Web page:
The novel is set in Northern England at Yorkshire. Much of the book takes place at either of two primary estates: Wuthering Heights, or Thrushcross Grange. The isolated setting serves as the catalyst, and an escalating factor, in many of the novel’s events. The plot covers two primary timelines, the “present” being the beginning of the 19th century, with Nelly Dean’s recollections covering events from thirty years prior.

Why does Catherine marry Edgar?

Despite her adoration of and devotion to Heathcliff, Catherine knows that Edgar has the social status that will bring her the life she wants. Though she’s attracted to Heathcliff and her relationship with Edgar lacks passion, she chooses Edgar because he has been raised with the gentlemanly qualities that men of his time, and of his station, were expected to uphold. Catherine tells Nelly Dean in Chapter IX that she loves Heathcliff more than anyone, but ultimately her desire for a genteel and socially prominent lifestyle is stronger.

How does Catherine die?

Edgar finds himself frustrated and angry at Heathcliff’s return to Thrushcross Grange and thus ceases contact with him. In retaliation, a pregnant Catherine isolates herself and refuses to eat. This spells her doom, as she falls into increasingly poor health. Two hours after she gives birth prematurely to Cathy, she dies. Heathcliff curses this, and pleads for Catherine’s ghost to continue haunting him for all of his days.

How did Heathcliff earn his fortune?

Much of Heathcliff’s life is left vague by design, adding further intrigue and mystery to his brooding character. Having grown up an orphan, Heathcliff’s origin story is as mysterious as his return to Wuthering Heights later on in the novel. Though he is now an inexplicably wealthy man, the reader is never given clear information as to where his wealth came from.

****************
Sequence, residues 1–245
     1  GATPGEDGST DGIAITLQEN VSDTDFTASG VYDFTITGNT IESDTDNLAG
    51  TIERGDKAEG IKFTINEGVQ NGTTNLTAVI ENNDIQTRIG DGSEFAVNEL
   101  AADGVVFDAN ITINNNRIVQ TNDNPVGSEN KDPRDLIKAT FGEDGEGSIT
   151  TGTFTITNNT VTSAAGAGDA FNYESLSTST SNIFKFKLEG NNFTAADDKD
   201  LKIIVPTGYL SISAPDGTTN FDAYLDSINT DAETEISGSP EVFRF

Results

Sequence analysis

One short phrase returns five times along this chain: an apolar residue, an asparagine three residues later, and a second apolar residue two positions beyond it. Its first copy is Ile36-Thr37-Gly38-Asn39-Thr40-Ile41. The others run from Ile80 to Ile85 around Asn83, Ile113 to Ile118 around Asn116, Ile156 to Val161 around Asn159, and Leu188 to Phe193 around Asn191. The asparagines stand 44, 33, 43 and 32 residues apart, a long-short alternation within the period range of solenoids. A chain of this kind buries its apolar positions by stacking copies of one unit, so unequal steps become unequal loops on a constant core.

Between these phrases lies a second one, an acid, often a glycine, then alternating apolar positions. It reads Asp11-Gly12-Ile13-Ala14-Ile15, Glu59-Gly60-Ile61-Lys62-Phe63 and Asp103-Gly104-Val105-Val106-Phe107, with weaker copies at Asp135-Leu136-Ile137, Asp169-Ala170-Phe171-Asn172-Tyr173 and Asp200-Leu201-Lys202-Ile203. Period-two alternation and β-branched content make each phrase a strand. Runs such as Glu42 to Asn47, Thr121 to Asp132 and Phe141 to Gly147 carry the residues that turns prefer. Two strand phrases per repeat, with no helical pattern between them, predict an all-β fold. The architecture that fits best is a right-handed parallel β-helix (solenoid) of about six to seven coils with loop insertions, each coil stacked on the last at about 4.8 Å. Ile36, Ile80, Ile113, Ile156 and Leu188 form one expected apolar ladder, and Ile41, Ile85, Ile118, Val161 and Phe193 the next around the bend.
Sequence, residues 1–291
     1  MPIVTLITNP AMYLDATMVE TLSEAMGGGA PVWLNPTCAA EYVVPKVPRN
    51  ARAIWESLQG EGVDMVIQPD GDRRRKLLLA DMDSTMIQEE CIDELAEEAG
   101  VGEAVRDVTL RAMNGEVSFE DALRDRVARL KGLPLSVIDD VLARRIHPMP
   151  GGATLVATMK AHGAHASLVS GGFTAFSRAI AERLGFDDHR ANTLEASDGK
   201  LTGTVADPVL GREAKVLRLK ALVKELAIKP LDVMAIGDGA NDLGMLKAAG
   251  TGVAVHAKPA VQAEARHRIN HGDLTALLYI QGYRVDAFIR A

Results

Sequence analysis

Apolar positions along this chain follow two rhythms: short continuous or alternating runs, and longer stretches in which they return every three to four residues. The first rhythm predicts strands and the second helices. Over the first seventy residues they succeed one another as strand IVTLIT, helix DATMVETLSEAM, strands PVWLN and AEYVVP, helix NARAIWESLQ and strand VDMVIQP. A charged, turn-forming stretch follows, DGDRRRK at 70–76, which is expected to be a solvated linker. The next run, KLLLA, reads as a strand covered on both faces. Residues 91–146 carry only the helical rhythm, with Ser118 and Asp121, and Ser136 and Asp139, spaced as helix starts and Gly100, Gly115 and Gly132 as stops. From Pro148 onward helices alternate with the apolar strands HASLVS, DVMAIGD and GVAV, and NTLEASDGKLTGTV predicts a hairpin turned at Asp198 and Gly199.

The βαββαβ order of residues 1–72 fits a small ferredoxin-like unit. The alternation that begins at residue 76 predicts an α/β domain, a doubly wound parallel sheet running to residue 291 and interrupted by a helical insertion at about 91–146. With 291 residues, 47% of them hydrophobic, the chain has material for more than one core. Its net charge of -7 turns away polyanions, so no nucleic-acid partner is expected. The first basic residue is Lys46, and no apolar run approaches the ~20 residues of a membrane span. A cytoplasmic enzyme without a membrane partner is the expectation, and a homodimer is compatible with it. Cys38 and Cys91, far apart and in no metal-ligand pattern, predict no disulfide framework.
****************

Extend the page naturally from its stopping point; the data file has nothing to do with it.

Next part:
How does Heathcliff gain control of Wuthering Heights?

Due to Hindley’s perpetual drunkenness and issues with gambling, Heathcliff identifies a way to gain control of the estate. By lending Hindley large sums of money to supply his gambling habits, Heathcliff ensures that he will be set to inherit the property, despite their tense relationship. As Hindley’s circumstances worsen following Catherine’s death, he locks Heathcliff out of the estate with plans to kill him. Heathcliff and Hindley engage in a fight, in which Hindley is injured. Six months after the funeral, when Hindley dies, Heathcliff inherits Wuthering Heights.

What is the significance of weather in the story?

The weather on the moors oscillates between rampant extremes. Characters remark on the cruel nature of the Yorkshire winters, while praising the serenity of its summers. Like the constant emotional back-and-forth in which the characters engage, the weather becomes a nearly operatic character in its own right and symbolizes the passion and turbulence experienced by the characters.

What is Cathy's relationship to Catherine and Heathcliff?

Cathy is the daughter of Catherine and Edgar. Two hours after Catherine gives birth, she dies, leaving Cathy without a mother. In the years that pass, Heathcliff’s son Linton returns to stay with him at Wuthering Heights. Thanks to Heathcliff’s machinations, Cathy and Linton begin a relationship that ends in their marriage. After Linton dies, Heathcliff forces Cathy to remain at Wuthering Heights as a servant.

In what ways is Heathcliff viewed as an outsider?

As an orphan, Heathcliff lacks familial associations that could better clarify his origins or social status, rendering him an outsider. Physically, he is vaguely described as having dark eyes and skin, suggesting he might not be white. Ultimately, however, his ethnicity is left an open question, deepening the mystery of his parentage. In a time period and location where names are so crucial to defining and limiting one’s class, it is notable that Heathcliff remains the only character who is given a single name. On the one hand, this allows him to exist on his own terms, while every other character has first and last names that can define or condemn them with the baggage of familial status. On the other, this only serves to further his outsider status; he is never referred to as an Earnshaw, and thus remains adrift, belonging to nothing and no one.